Home > Music Revolution > Music Revolution 2011: Marsha Ambrosius’ “Far Away” Video Addresses Not-So-Sweet Taboos

Music Revolution 2011: Marsha Ambrosius’ “Far Away” Video Addresses Not-So-Sweet Taboos

Former Floetry singer Marsha Ambrosius' video for "Far Away" addresses the severely taboo subjects of homophobia, bullying and suicide in bold and provocative manner.

Throughout history, many incendiary and controversial issues, topics and events are branded as universally taboo and therefore swept under the massive rug.  The ideal of ignorance is bliss is an attractive one, but it’s also dangerously dismissive and, at times, reaps tragic consequences.  It takes progressive, fearless minds to cast the fear aside and expose the truth to the masses in bold, provocative demonstrations.   Today, such a demonstration is presented in the form of music video, courtesy of an English songstress.

British recording artist Marsha Ambrosius gained recognition in the American soul music community as half of the duo Floetry.  The vulnerable, flutter-voiced chanteuse enticed fans on songs like “Say Yes,” and “It’s Getting Late.”  She also made waves as a producer, crafting the hit single “Butterflies” for the late Michael Jackson.  Now, as a solo artist, the once full-figured Ambrosius is elliminating subtleties as swiftly as she elliminated her waistline.  “Far Away” the second single of her forthcoming solo debut, Late Nights Early Mornings – already gaining buzz for its brutally honest lyrics – is accompanied by a music video that addresses incredibly taboo subject matter: homophobia, bullying and suicide.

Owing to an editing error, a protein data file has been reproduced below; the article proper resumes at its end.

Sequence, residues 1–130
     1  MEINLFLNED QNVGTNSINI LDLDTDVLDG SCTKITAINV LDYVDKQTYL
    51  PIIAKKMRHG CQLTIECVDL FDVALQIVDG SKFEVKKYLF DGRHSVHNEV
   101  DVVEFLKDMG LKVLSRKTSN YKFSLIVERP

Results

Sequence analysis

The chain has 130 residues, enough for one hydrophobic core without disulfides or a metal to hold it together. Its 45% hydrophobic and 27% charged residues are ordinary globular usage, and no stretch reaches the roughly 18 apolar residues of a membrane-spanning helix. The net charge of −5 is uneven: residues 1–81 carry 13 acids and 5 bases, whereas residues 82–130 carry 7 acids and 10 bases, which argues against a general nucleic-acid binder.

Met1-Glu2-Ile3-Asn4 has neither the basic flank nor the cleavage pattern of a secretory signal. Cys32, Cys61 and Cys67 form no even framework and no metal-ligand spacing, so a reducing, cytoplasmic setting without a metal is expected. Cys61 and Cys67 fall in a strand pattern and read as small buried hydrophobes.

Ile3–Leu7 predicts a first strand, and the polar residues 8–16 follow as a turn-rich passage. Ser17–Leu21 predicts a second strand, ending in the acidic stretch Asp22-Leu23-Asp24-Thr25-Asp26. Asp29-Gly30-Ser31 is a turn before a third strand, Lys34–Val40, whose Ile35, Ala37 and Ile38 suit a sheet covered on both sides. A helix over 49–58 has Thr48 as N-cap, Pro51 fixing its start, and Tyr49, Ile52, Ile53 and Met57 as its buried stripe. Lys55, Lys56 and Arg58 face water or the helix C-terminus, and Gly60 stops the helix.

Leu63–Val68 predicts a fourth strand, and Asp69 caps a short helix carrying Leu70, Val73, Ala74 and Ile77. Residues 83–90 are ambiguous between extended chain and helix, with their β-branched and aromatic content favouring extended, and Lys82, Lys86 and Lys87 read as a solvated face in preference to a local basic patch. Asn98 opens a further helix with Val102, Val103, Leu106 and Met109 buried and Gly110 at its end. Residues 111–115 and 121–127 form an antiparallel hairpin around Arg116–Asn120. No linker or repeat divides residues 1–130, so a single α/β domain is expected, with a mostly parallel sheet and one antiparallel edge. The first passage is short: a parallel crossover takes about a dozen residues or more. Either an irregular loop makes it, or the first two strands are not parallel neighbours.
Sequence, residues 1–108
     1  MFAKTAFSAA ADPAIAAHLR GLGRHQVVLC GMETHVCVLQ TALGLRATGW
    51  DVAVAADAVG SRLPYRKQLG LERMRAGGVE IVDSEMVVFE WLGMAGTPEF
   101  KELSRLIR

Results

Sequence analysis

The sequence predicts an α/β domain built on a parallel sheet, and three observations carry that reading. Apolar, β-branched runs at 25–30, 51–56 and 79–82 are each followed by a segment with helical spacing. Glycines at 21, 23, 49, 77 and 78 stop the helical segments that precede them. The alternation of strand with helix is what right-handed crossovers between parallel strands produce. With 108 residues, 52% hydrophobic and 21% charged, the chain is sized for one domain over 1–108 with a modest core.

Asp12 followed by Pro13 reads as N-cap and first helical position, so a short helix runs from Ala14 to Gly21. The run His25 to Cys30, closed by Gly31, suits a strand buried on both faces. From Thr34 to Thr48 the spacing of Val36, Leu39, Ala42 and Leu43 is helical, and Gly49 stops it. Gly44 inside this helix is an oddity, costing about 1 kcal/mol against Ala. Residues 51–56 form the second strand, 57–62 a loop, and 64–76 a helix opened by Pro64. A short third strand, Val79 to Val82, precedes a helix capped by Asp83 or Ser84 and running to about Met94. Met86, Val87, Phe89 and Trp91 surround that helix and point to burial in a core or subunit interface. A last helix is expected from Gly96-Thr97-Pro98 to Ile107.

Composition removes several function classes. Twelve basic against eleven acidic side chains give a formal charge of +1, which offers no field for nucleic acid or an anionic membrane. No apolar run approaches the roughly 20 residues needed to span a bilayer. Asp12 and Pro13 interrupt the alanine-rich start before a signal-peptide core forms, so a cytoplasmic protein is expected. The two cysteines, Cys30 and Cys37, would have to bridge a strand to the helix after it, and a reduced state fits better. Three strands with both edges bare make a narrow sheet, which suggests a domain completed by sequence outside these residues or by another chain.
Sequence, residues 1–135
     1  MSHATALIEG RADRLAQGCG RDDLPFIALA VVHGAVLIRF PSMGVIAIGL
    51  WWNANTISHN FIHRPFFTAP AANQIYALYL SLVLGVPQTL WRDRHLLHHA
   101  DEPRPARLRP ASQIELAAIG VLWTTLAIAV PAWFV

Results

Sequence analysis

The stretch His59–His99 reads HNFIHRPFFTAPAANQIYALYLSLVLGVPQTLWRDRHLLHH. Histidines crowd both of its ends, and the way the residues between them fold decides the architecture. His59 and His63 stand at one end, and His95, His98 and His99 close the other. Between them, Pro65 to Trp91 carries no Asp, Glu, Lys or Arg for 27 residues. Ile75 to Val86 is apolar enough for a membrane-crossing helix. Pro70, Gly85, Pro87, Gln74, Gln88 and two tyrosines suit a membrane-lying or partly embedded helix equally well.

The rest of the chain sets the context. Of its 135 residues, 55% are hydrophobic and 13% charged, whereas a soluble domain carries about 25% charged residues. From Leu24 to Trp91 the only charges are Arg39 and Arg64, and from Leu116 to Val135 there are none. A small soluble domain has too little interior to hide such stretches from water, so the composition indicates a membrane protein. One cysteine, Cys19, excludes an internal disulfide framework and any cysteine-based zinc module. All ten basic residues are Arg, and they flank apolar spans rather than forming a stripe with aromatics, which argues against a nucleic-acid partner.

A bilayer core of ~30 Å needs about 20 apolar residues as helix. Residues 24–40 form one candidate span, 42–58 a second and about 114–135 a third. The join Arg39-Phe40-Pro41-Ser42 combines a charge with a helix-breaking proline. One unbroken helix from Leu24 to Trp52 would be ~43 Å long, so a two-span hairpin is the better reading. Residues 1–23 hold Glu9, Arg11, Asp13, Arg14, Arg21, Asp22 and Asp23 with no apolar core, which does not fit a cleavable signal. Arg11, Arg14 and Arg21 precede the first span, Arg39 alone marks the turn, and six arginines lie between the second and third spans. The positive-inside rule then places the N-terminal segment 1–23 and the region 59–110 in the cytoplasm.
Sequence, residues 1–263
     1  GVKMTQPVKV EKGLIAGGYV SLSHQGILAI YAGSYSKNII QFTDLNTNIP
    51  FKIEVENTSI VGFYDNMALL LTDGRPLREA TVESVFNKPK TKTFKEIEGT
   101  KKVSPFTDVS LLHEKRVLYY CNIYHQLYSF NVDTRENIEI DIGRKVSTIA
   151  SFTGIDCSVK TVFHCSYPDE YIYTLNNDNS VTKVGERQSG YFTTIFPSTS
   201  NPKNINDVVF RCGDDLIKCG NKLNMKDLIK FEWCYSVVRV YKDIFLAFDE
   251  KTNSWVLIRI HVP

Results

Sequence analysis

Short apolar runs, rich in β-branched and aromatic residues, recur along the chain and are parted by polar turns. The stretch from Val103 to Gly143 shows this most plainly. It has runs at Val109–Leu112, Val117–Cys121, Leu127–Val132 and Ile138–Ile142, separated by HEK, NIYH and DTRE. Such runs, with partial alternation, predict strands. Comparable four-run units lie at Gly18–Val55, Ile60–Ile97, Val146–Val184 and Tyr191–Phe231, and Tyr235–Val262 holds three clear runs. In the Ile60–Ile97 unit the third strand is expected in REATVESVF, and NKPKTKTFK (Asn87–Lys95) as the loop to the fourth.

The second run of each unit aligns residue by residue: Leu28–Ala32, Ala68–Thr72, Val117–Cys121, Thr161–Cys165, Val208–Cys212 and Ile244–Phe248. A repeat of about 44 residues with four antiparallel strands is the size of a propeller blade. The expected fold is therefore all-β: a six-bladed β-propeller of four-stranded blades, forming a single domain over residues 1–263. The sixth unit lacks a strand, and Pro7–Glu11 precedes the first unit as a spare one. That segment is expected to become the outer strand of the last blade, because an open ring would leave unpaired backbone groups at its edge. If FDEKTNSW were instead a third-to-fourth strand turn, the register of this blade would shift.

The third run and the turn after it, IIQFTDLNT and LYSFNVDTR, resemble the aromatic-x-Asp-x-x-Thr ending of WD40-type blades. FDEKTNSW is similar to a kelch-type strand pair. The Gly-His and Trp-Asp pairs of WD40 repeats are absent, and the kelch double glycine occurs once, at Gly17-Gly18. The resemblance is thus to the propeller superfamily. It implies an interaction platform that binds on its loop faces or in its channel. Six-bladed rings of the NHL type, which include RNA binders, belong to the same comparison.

Almost a year since Erykah Badu dropped a thinly veiled political bombshell with her “Window Seat” video, “Far Away” exposes issues that are not new ones, but, unfortunately, are not out-of-style, either.  In the tradition of her former collaborator Michael Jackson, this is more of a short film, telling a story vividly and candidly without needing the aide of words.  As the video opens, Ambrosius is seen walking with a male companion, accompanied by the approving eyes of homeboys in the park and innocent high-fives from children playing nearby.  Next, while enjoying a candlelit glass of wine, the two are joined by another man, first giving a hug to Ambrosius and then kissing the first man…on the lips.  Later on, those two men, happily and proudly holding hands in that same park, the same child who was so willing to high-five them was held back by his disapproving mother.  The on-looking homeboys eyes sting the two’s skin as they are viciously attacked.  By the end, Marsha receives a call that prompts her to drop her cell phone and the last images are of the two men, once so happy, lie dead of self-inflicted prescription overdoses, joined by a suicide note.  Bullying is the latest soapbox issue in America, but  Ambrosius’ short film addresses it without being predictable.  “Far Away” makes the statement that no longer can we continue to believe that if we don’t think about something, it’s not happening; if it’s not shown on the news every night, it’s cease to exist. 

As eyeliner stained tears far from Marsha’s face, a personal note emerges stating that she lost a friend to such ignorance and urges all to “support alternative lifestyles.”  What’s so refreshing about this video is not only the powerful stance it makes against prejudice, but also speaks of the integrity of Ambrosius.  After shedding so much weight and looking more beautiful ever, she could’ve taken the obvious road of flauting her new assests to gain a new audience.  Instead, she decided to do what a true recording artist does: internalize whatever surrounds us and interpret it onto a canvas for the world to see.  Bravo.

Categories: Music Revolution
  1. No comments yet.
  1. No trackbacks yet.

Leave a Reply

Fill in your details below or click an icon to log in:

WordPress.com Logo

You are commenting using your WordPress.com account. Log Out /  Change )

Google+ photo

You are commenting using your Google+ account. Log Out /  Change )

Twitter picture

You are commenting using your Twitter account. Log Out /  Change )

Facebook photo

You are commenting using your Facebook account. Log Out /  Change )


Connecting to %s

%d bloggers like this: